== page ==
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Cablegate: Experts Level Economic/Commercial Dialogue(Ecd) Continues

VZCZCXRO2468
OO RUEHAG RUEHDF RUEHIK RUEHLZ RUEHROV
DE RUEHWR #1236/01 2971359
ZNR UUUUU ZZH
O 231359Z OCT 08
FM AMEMBASSY WARSAW
TO RUEHC/SECSTATE WASHDC IMMEDIATE 7202
RUCPDOC/USDOC WASHDC
RUEATRS/DEPT OF TREASURY WASHDC
RUEHRC/DEPT OF AGRICULTURE WASHDC
INFO RUEHKW/AMCONSUL KRAKOW 2176
RUCNMEM/EU MEMBER STATES

UNCLAS SECTION 01 OF 03 WARSAW 001236

SENSITIVE
SIPDIS

DEPT FOR EUR/CE/DMORRIS
DEPT PASS USTR FOR LYANG
COMMERCE FOR 4232/ITA/MAC/EUR/OECA/MROGERS,JBURGESS,CRUSNA K
USDA for FAS/OSTA BMACKE; FAS/OCRA DSALMON, DSEIDBAND;
FSIS/RKISHORE

E.O. 12958: N/A
TAGS: ETRD EINV ECON BEXP PL
SUBJECT: EXPERTS LEVEL ECONOMIC/COMMERCIAL DIALOGUE(ECD) CONTINUES
IN WARSAW, SOME ROGRESS ON LOGSTANDING ISSUES

WARSAW 00001236 001.2 OF 003


Summary
-------

1. Commerce/ITA DAS for Europe Paul Dyck held a series of meetings
Oct. 1-2 in Warsaw with U.S. industry and the Ministry of Economy as
a part of continuing our Bilateral Economic and Commercial Dialogue
(ECD) with the Polish government. He was accompanied by Commerce/ITA
Director for European Country Affairs Jay Burgess. Prior to meeting
with his counterpart at the Ministry of Economy, Dyck met with local
U.S. innovative pharmaceutical companies who were members of the
American Chamber of Commerce "LAWG". He also met with local Cargill
representatives regarding the delay in payment of an arbitration
award they won in March against the GOP and with members of the
Board of the American Chamber of Commerce. The Embassy requested a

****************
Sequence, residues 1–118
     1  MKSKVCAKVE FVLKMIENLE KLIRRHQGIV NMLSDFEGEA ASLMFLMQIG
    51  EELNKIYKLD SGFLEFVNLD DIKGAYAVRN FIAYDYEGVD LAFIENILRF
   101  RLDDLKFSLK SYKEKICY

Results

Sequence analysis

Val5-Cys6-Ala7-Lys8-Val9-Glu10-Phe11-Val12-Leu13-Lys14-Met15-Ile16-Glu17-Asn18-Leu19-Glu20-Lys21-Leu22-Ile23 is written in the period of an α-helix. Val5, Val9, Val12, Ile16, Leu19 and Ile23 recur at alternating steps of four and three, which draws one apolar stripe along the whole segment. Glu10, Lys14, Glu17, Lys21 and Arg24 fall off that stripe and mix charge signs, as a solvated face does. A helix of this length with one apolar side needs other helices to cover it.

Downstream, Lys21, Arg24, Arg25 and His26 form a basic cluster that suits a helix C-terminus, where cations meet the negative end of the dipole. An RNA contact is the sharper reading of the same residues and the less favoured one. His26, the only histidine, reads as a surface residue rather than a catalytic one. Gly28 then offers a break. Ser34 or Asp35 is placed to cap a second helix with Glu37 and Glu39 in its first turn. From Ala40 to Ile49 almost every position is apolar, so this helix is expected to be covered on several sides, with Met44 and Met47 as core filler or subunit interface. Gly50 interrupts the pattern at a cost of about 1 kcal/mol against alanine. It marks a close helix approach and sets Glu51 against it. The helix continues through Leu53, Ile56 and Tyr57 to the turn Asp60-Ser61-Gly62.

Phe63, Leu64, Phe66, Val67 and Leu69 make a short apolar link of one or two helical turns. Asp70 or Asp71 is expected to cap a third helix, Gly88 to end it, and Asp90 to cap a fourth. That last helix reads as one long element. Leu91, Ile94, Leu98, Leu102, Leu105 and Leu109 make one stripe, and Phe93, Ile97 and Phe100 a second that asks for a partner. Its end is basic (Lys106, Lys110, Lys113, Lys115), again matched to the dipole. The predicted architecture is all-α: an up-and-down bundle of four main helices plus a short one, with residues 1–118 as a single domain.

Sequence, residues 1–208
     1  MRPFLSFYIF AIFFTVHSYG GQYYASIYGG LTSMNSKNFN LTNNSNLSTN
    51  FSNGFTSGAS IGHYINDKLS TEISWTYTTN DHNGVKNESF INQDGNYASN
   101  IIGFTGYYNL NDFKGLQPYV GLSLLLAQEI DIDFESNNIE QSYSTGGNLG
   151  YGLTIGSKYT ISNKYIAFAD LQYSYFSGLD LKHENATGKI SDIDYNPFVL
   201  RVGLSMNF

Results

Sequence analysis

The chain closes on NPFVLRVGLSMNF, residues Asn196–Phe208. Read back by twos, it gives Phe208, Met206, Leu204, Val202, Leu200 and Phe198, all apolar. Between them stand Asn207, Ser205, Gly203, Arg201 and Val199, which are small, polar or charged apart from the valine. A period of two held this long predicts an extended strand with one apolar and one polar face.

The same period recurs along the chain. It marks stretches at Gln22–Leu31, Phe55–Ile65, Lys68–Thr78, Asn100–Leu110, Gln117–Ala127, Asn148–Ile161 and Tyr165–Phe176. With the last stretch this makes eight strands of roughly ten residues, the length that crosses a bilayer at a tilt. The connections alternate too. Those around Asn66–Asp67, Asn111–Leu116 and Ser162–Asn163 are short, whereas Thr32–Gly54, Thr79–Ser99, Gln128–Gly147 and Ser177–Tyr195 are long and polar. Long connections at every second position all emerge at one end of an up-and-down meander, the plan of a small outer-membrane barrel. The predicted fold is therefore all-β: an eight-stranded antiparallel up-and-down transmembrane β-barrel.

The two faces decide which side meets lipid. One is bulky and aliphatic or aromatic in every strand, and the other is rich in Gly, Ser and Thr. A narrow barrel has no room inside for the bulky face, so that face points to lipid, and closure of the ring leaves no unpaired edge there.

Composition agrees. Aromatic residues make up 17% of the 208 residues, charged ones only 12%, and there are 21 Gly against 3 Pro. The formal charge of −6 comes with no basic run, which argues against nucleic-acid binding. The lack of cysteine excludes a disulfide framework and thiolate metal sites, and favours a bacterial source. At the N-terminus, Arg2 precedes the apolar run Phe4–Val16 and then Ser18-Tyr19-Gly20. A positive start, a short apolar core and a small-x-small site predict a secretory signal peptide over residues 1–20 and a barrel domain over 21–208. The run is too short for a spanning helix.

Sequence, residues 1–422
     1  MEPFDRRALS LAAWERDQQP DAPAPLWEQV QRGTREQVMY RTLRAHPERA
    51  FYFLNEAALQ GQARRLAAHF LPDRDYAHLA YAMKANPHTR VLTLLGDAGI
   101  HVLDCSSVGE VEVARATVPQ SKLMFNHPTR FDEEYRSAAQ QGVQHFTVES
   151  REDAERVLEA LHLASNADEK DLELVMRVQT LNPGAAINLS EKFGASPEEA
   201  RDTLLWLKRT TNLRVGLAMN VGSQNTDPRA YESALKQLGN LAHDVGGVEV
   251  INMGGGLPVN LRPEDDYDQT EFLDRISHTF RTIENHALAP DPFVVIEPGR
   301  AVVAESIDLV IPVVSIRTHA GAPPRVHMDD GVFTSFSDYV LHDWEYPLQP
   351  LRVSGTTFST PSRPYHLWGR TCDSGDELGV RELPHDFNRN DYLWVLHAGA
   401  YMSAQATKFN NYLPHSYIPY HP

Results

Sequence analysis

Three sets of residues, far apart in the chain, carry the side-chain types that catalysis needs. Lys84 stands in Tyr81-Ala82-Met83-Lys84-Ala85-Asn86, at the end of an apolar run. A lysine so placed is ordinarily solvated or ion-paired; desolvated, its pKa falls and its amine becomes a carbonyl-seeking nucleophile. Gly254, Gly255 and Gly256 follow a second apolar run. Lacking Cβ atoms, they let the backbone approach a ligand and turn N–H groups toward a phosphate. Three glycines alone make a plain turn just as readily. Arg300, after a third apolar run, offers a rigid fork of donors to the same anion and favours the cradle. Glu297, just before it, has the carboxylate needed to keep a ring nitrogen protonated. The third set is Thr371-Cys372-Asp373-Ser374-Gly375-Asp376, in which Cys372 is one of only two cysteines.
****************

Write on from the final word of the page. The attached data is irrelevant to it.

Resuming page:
separate meeting for Dyck with Deputy Minister of Health Twardowski
to discuss pharma issues, but the Ministry did not grant this
meeting. The Embassy then requested a meeting with Ministry of
Health (MOH) Drug Policy Director Falek, but was also refused.
Falek was supposed to be at the Ministry of Economy meeting, but he
did not show up. [NOTE: subsequently, Deputy Minister Twardowski
did travel to Washington the week of Oct. 6-10 where he did meet
with USDOC Deputy U/S O'Neill, HHS Deputy Secretary Troy, and State
DAS Murphy. END NOTE]

2. Undersecretary of State Marcin Korolec chaired the meeting on
the Polish side at the Ministry of Economy. He was accompanied by
several other representatives from his ministry. Both Dyck and
Korolec noted the overall positive nature of trade and investment
relations between the United States and Poland. DAS Dyck assured
the Polish side of USDOC's continuing commitment to the ECD process
and to working with the Ministry of Economy into the new year.
There was good news on the Dell land acquisition case, with a final
resolution almost at hand, but some disappointing news on the
Cargill arbitration case, as the U.S. side was informed that the